WILL THE THIRD TIME BE THE CHARM ON WALL STREET REFORM?…. On Democratic Wall Street reform efforts, yesterday afternoon looked an awful lot like Monday afternoon — Senate Republicans still refuse to allow a floor debate on the bill — but the pressure continues to get a little more intense.
President Obama went to the heartland to pitch financial reform Tuesday, but unimpressed Senate Republicans blocked the overhaul for a second straight day.
With Obama in Iowa, one Democrat and every GOP senator stayed united to block the start of debate on the bill. The measure would regulate Wall Street’s trading in complex investments known as derivatives, curtail “too big to fail” bailouts and create a consumer financial watchdog.
The President declared the unified front shows the GOP is answering to greedy financiers’ lobbyists.
“It’s one thing to oppose reform, but to oppose just even talking about reform in front of the American people, and having a legitimate debate, that’s not right,” Obama said. “The American people deserve an honest debate on this bill.”
For their part, Senate Republican leaders began circulating their own version of the legislation, which wasn’t too terribly dissimilar to the Democratic proposal, though it would water down key provisions, and tighten regulation of Fannie Mae and Freddie Mac — a step Dems believe is better suited for a separate bill. GOP senators continued to reserve their strongest opposition to the creation of a new Consumer Financial Protection Agency — a point of particular interest to the Monthly right now — and Republican said their version would limit its authority to regulating smaller banks and nonfinancial companies, leaving the industry’s heavy hitters alone.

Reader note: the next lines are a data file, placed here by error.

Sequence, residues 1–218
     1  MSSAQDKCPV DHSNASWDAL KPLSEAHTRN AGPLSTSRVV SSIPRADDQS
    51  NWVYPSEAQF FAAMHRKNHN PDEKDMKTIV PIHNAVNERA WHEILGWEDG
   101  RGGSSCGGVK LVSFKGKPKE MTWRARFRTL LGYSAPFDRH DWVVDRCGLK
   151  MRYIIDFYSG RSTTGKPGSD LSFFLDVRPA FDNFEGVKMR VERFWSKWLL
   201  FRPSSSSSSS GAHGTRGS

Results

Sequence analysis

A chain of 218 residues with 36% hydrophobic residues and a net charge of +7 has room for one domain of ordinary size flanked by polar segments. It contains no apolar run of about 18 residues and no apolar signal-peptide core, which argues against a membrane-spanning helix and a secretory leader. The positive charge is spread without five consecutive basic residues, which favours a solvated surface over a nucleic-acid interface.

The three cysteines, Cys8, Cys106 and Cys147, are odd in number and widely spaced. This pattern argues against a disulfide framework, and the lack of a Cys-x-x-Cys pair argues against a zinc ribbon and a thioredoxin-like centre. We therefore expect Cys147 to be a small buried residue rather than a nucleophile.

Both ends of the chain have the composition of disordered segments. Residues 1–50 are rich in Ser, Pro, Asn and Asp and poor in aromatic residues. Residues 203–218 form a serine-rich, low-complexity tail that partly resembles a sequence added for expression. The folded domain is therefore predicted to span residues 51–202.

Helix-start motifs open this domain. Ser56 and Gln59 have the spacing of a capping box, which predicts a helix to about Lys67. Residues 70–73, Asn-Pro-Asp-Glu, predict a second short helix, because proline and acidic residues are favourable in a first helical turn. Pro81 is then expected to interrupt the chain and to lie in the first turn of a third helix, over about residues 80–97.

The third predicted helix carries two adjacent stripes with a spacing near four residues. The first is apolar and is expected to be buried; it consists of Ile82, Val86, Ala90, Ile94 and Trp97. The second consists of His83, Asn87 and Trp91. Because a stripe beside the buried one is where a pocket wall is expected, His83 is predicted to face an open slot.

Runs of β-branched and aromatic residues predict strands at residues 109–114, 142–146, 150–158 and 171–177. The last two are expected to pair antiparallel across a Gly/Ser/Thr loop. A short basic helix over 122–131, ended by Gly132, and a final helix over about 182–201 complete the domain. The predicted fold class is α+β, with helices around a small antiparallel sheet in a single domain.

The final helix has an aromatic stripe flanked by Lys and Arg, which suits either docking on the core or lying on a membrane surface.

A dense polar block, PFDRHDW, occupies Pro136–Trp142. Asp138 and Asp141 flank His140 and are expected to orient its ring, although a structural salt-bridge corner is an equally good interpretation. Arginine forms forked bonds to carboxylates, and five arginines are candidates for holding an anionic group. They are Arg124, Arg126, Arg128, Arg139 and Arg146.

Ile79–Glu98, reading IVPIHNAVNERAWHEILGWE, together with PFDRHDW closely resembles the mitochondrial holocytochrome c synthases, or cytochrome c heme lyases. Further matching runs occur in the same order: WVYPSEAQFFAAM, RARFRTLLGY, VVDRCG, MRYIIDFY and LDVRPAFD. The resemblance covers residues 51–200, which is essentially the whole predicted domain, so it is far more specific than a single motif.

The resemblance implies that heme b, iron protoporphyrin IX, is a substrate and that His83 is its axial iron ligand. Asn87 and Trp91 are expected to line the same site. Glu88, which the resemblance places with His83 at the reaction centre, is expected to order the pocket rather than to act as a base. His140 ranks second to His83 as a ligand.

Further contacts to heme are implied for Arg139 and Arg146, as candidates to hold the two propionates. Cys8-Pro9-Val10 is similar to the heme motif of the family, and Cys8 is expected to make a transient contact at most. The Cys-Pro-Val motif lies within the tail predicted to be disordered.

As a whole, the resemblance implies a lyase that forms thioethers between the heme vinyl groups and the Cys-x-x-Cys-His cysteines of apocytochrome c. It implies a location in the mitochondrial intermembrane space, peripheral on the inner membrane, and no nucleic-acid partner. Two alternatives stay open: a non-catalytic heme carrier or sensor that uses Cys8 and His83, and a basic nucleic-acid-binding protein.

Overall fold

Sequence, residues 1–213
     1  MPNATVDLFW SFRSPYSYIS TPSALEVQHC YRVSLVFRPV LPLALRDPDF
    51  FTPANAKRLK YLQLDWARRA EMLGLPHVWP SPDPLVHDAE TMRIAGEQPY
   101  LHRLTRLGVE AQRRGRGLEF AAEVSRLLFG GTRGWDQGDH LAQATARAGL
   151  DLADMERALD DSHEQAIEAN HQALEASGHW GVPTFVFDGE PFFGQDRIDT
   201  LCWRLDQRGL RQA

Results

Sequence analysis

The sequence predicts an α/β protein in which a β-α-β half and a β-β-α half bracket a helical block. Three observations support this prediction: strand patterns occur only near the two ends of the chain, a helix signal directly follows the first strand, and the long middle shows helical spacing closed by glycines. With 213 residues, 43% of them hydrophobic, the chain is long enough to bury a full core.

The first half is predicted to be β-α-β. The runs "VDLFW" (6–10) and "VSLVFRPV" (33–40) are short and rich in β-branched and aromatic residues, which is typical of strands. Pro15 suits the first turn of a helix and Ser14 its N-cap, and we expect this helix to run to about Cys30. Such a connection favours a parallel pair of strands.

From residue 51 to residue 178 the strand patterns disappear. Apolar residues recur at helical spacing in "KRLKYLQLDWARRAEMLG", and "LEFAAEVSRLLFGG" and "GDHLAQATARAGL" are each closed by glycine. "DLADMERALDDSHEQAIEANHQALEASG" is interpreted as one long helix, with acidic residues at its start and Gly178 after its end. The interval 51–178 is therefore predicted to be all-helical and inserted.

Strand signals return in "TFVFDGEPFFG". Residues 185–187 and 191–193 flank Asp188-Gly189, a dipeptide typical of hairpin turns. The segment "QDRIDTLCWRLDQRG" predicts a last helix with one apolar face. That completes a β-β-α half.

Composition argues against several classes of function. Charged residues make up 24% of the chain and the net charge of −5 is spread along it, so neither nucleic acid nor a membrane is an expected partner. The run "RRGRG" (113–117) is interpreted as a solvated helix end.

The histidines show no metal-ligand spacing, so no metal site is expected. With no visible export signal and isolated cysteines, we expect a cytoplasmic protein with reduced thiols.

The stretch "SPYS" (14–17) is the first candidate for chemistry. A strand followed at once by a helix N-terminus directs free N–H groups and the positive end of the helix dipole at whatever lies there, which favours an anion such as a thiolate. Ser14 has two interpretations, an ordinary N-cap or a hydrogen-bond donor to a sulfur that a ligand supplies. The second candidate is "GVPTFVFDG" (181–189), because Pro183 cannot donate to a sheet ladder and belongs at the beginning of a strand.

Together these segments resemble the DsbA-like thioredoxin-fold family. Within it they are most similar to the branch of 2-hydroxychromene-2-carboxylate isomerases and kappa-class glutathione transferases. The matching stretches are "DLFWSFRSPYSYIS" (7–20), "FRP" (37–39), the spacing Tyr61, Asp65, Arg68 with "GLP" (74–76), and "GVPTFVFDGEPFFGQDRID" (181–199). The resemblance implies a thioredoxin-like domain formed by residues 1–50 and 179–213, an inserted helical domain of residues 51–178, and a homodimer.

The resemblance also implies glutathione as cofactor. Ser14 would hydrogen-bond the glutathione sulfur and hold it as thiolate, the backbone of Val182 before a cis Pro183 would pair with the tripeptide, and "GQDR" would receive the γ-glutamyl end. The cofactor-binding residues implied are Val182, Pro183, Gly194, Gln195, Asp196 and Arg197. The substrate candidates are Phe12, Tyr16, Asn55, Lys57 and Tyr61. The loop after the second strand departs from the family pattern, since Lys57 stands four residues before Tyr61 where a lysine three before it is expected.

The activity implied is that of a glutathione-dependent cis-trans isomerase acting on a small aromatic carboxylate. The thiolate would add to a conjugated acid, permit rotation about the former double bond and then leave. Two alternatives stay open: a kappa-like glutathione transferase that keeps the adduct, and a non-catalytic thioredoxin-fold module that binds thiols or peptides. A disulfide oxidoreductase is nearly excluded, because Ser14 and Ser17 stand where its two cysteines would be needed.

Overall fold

Dems will reportedly try, once again, to get 60 votes to allow the Senate to debate the bill today, but there’s at least some evidence that Republican unity is starting to crack. Sen. George Voinovich (R-Ohio) indicated late yesterday that he’s leaning towards switching his vote and allowing the debate to proceed to the Senate floor.
And what about the efforts to find a bipartisan agreement? Sen. Bob Corker (R-Tenn.), who recently said a deal was near, told reporters yesterday that he is “far less optimistic” about reaching a resolution than he was. “I don’t think any time in the near future there’s going to be a bipartisan agreement,” he said.
It’s counter-intuitive, but the lack of progress on bipartisan talks actually makes legislative progress more likely, not less. Senators like Voinovich, for example, were apparently prepared to allow the filibuster to continue while the behind-the-scenes talks worked towards a deal. Now that a compromise appears increasingly unlikely, some GOP members are more inclined to let the bill advance.
The question, then, is how much longer Voinovich and his like-minded allies will wait before giving up on the talks and allowing the floor debate to begin. The third attempt to break the GOP filibuster will be this afternoon. If it fails, expect a fourth try tomorrow.